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Issues & Experts >  Issues & Experts Archive > Politics, electoral reform, skeptics, religion - Issues and Experts

Politics, electoral reform, skeptics, religion - Issues and Experts

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October 27, 2004
US presidential race nears finish…The polls show US President George W. Bush and Senator John Kerry neck-and-neck as the election campaign south of the border inches towards election day. SFU historian Michael Fellman, who specializes in US political history, suggests in a column penned for The Tyee that it will be Kerry at the finish line, noting the influence of a potentially larger voter turnout than usual www.thetyee.ca. Political science professor Alexander Moens has just published a biographical book on President Bush and can look at the race from the perspective of the Bush camp. SFU historian Nicholas Guyatt can also look at the election race. The new faculty member spent the past seven years south of the border and has been following the issues.



A blueprint for a new electoral system…The Citizens' Assembly on Electoral Reform, which has been looking at ways of revamping the way we elect politicians provincially, is recommending a new blueprint. The assembly's choice, Single Transferable Vote (STV) system, a system in which voters rank candidates in order of preference, will go before the electorate in the next provincial election. Lynda Erickson, a political scientist at SFU, is available to comment on the pros and cons of the assembly's choice. Political scientists Patrick Smith and Kennedy Stewart are also available to comment. Stewart is pleased with the blueprint and the process used to arrive at it. However, he recommends that First Nations people be guaranteed a set number of seats because they weren't adequately included in the process. Smith calls STV “a very good proportional system that puts a lot of say in the hands of ordinary voters, which is why parties sometimes don't have it as their preferred choice.”


Why and when do smart people act stupid?....It's a question that SFU psychology professor Barry Beyerstein's colleague, Dr. Ray Hyman, can answer. The professor emeritus from the University of Oregon, and a fellow member of the committee for the scientific investigation of claims of the paranormal, will look at foolish behaviour during his talk at the psychology department colloquium on Friday, Oct. 29 at 2:30 p.m. in AQ 3153. Hyman will also give a lecture to the BC Skeptics on Sunday, Oct. 31 at 2 p.m. in SFU's west mall centre (room 3520) on the psychology of deception and human error. Hyman is a highly respected researcher in cognitive psychology and a critic of parapsychology - as well as a designer and performer of magic tricks. Beyerstein can also comment on Hyman's talks - and look at ghoulish Halloween rituals.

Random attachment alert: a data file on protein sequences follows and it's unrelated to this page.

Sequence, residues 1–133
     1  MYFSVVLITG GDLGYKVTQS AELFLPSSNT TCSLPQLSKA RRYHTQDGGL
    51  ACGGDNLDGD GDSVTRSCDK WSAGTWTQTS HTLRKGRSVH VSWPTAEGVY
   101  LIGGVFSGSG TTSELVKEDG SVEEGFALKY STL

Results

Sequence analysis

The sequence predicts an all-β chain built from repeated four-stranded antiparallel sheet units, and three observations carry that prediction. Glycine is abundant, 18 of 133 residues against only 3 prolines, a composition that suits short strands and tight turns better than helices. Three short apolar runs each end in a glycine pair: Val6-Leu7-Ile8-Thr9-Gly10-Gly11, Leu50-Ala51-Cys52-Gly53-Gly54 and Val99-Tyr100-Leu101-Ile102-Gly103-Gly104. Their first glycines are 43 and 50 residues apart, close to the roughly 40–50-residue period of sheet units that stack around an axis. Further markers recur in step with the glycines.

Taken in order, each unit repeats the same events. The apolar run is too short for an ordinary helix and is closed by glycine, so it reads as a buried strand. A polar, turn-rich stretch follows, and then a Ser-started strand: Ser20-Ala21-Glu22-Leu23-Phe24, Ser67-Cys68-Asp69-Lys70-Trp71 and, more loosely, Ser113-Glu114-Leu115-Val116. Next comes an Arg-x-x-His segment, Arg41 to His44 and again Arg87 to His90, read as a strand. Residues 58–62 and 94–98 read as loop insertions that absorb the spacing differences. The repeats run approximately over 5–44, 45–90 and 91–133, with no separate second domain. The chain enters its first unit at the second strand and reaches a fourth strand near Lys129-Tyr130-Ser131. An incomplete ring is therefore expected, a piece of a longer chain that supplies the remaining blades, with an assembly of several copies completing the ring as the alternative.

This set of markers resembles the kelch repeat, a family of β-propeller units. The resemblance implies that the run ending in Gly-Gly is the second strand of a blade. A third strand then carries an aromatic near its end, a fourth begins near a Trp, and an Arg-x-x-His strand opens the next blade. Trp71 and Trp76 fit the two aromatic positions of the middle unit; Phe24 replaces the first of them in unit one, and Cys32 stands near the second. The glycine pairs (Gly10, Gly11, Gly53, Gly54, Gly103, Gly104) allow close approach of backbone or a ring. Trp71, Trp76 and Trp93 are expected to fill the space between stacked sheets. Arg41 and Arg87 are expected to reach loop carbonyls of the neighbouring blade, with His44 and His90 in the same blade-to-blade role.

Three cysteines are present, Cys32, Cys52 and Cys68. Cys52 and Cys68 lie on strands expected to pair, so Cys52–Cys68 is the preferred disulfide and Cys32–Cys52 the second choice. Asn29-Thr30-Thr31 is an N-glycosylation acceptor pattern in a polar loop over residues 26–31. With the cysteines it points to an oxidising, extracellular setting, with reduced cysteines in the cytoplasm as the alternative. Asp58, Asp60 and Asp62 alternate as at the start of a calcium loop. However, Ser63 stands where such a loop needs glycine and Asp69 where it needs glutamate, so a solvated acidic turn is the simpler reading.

Nazi dolls incite anger…Why would a company mass produce and sell dolls depicting members of a Nazi SS combat division, originally created to guard concentration camps? Who would buy them? Why would stores carry them, given all the negative publicity they could attract? Consumer behaviour and marketing expert Judy Zaichkowsky can tackle these questions related to the response to the sale of Totenkopf Division dolls in Canadian stores.



Secret PIN numbers not so secret…As much as we may strive to keep our banking information, especially our personal identification number (PIN), safe, the possibility of thieves accessing it is ever growing. SFU criminologist Ehor Boyanowsky can offer some thoughts on the likelihood thieves are able to recruit store cashiers to replace real bank debit machines with “Trojan” card readers. The devices record debit-card information, including PINS. Once accessed the information is allegedly transferred to counterfeit cards, then used to rack up purchases worldwide.


Choosing different religious paths…In his new book Borderland Religion: The Emergence of an English-Canadian Identity, SFU historian Jack Little paints a fascinating historical portrait of how Canadians and Americans came to pursue different religious paths. Little can talk about how a failed end-of-the-world prophesy by the radical and powerful US based Millerite movement was the impetus for Canadians rejecting the fire-and-brimstone religious culture still shaping American identity.


Igniting Dialogue through Storytelling…SFU education professor Kieran Egan studies imagination and calls storytelling an effective way to spark dialogue. “Stories have the capacity to capture detail, nuance, and emotion while engaging meaningfully with people and communities about complex situations,” he says. Egan, who is chair of SFU's imaginative education research group, will discuss how well-told stories can have the power to attune people to their shared interests on Friday, Oct. 29, 9 a.m.-4 p.m. at SFU's Igniting Dialogue through Storytelling workshop. Egan has writtten more than 20 books and his approach to education is used by teachers around the world.